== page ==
New York opened Little Island, an oasis of about one hectare that floats on the Hudson River.


The new public park is installed on a monumental architectural platform, made up of 132 cement "tulips" that emerge from the water and form reliefs like a floating leaf. There will be music, dance, theater, and comedy shows.

New York felt the excitement of the tourist crowds again this Friday at the long-awaited opening of Little Island, an oasis of almost one hectare that floats on the Hudson River and that has taken seven years to erect since it was conceived by media mogul Barry Diller, its primary funder.

From 6 a.m., when it opened its doors in surprise, hundreds of New Yorkers came looking for this new public park, built on a monumental construction platform, formed by 132 cement "tulips," which water Comes out of and provides help. Like a floating leaf.

Little Island's Executive Coordinator explained that it is a garden of bliss open to all and a gift to New York to give people access to a blend of nature and art, usually with music, dance, theater, or It will be free from humor, Jessie Long.

The park comes to revitalize a pier that was devastated by Hurricane Sandy in 2012 and that has a solid historical component since, at the beginning of the last century, It was the end that welcomed the descendants of the Titanic. Decades later, before it went into decline, it belonged to the vibrant musical and LGBT community.

The Big Apple said today that the flowers, trees, and shrubs are scattered among the hills with species of species and green brooms with Manhattan views, including the "food truck" plaza and the sunset. The scene is an amphitheater that will premiere in June. Another incentive to reopen it is designed for summer.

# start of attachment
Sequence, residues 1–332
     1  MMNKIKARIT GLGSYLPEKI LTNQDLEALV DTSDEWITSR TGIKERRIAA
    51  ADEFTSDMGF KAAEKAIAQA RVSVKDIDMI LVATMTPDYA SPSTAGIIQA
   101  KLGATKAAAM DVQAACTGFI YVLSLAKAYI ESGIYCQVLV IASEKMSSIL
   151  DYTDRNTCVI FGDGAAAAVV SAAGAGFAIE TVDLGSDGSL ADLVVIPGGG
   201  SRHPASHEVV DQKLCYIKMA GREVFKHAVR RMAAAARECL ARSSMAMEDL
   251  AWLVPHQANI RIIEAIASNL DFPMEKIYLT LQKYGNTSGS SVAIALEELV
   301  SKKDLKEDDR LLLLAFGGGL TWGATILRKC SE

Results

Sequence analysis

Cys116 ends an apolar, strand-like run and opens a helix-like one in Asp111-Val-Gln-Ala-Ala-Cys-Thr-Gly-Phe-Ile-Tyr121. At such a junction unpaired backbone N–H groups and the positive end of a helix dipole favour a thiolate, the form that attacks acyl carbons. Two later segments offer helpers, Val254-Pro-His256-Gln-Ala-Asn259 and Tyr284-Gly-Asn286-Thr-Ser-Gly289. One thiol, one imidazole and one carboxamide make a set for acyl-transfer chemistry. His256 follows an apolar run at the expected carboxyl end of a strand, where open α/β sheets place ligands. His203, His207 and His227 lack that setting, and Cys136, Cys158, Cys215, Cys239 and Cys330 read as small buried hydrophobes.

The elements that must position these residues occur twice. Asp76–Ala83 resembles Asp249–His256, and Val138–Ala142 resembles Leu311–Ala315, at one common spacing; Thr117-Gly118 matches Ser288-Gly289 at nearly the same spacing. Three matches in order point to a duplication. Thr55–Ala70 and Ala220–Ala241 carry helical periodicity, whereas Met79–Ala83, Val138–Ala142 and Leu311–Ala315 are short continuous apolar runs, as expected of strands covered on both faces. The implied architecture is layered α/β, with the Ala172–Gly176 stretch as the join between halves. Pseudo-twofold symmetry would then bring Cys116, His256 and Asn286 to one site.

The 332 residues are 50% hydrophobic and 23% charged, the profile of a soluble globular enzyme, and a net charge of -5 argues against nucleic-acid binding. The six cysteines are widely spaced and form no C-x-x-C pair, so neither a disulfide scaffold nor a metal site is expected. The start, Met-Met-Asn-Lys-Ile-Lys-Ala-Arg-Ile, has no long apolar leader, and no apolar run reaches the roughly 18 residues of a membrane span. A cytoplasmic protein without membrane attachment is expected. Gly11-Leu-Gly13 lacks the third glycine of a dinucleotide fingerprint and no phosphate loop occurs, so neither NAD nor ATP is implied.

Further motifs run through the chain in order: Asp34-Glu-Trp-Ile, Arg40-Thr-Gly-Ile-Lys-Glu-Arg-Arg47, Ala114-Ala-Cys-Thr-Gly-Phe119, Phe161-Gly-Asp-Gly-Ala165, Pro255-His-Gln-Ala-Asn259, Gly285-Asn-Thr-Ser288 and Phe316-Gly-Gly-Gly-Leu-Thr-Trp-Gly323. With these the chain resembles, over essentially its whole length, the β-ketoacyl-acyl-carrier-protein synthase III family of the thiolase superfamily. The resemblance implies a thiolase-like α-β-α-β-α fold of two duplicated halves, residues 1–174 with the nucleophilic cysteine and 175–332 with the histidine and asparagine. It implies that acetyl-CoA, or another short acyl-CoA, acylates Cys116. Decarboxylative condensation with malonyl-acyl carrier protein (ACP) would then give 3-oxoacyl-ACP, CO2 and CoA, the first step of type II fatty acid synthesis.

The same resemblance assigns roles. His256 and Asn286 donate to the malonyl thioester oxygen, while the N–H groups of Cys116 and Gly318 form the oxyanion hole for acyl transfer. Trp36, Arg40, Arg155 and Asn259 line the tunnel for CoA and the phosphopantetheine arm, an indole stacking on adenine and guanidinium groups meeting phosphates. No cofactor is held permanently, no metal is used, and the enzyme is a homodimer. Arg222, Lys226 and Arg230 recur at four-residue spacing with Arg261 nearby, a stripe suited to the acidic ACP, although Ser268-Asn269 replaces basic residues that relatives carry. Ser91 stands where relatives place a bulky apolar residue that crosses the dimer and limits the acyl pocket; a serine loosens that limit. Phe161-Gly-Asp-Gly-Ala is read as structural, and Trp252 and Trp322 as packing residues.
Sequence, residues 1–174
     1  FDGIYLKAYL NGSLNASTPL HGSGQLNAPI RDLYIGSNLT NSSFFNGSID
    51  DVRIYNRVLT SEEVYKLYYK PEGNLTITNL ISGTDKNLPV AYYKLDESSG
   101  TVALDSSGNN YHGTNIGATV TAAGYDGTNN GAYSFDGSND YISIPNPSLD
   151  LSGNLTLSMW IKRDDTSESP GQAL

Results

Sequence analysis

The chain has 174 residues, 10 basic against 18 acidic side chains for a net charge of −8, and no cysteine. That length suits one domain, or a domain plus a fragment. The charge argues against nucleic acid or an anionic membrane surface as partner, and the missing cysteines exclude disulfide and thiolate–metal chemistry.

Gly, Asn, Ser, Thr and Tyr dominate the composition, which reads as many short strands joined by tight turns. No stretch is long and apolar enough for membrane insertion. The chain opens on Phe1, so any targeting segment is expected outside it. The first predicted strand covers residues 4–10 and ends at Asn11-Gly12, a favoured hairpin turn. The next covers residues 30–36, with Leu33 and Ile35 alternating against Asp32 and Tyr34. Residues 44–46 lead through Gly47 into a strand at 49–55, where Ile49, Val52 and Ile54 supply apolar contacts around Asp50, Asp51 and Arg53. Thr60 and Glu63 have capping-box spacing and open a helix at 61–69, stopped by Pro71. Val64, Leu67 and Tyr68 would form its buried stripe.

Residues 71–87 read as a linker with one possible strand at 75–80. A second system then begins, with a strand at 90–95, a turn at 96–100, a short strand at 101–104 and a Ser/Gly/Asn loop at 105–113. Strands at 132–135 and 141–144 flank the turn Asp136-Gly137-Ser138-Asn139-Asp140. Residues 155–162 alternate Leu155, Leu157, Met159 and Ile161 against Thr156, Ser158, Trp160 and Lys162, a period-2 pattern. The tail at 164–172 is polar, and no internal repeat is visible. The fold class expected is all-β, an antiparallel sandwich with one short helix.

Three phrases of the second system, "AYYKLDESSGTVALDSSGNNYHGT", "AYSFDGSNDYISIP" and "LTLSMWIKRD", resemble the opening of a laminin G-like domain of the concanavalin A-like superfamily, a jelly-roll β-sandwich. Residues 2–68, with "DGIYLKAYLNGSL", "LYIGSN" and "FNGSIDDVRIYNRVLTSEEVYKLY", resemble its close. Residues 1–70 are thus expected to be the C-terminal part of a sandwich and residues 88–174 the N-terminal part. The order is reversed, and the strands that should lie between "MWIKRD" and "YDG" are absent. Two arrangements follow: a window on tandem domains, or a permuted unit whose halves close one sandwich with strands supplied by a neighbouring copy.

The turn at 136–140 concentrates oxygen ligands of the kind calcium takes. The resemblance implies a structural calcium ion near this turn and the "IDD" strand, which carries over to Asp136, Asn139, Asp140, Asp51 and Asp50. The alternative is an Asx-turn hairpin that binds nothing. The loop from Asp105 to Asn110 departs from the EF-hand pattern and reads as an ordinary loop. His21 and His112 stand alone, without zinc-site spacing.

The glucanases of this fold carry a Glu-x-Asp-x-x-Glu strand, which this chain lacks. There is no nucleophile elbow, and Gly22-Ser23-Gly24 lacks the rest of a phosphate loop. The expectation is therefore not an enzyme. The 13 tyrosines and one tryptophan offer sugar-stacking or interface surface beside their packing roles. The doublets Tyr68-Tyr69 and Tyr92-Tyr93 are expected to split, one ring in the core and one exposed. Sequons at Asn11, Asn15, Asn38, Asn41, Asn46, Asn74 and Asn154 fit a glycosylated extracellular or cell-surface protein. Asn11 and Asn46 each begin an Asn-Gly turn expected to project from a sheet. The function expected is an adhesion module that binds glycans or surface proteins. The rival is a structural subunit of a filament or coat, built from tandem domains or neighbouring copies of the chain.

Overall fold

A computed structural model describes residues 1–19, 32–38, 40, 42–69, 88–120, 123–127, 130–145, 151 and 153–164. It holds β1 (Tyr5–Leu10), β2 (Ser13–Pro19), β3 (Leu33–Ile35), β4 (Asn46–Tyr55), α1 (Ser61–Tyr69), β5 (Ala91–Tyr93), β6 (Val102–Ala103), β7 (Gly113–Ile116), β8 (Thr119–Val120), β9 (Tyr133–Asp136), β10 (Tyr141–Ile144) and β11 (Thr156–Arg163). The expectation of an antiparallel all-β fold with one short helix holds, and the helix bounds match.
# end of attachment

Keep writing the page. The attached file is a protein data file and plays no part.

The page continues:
"I hope Littleland serves as a passionate oasis for everyone who comes to the island, a place to stroll and happily marvel at every turn, stay behind, and graze in the landscape. , And entertains, educates, and inspires through our programming," he said. In a statement, one of the founders of Fox, Diller.

And the thing is, its "little island" is icing on the cake at Hudson River Park, which bathes west of Manhattan and whose managing consortium decided in 2014 to turn the billionaire businessman into a billionaire businessman. ۔ Public-private cooperation, which was not without opposition, almost ended.

The project faced legal trouble due to environmental impacts on the aquatic ecosystem and an alleged lack of transparency, particularly through the magnet Douglas Durst, developer of several of New York's leading skyscrapers, and the title fight I am accused of making headlines.

Finally, the president of the Internet company IAC contributed 26 260 million to the project, and through this social foundation contributed another 160 160 million to sustain it for the next two decades, thanks to his wife, fashion designer Diane Von Furstenberg. 

The design was done by British architect Thomas Heatherwick, creator of the controversial tourist sculpture The Vessel, a complex 45-meter-high spiral staircase of metallic sheen that leads to nowhere in the center of the upscale neighborhood of nearby Hudson Yards.

The Diller-Furstenberg's, who have a lot of influence in western New York, have become involved as patrons in essential tourist attractions such as the High Line, the Whitney Museum, or the Museum of the Statue of Liberty, they say because they love the "art and public spaces" and are "fortunate to have resources."

Speaking to the economic media CNBC, Diller was optimistic about contributing to the resurgence in what was the epicenter of the pandemic: For a year, it was deserted. It was as if a nuclear explosion had killed humans. Now we have come out of it, and it shows in the streets: people are happy. I'm happy, he said.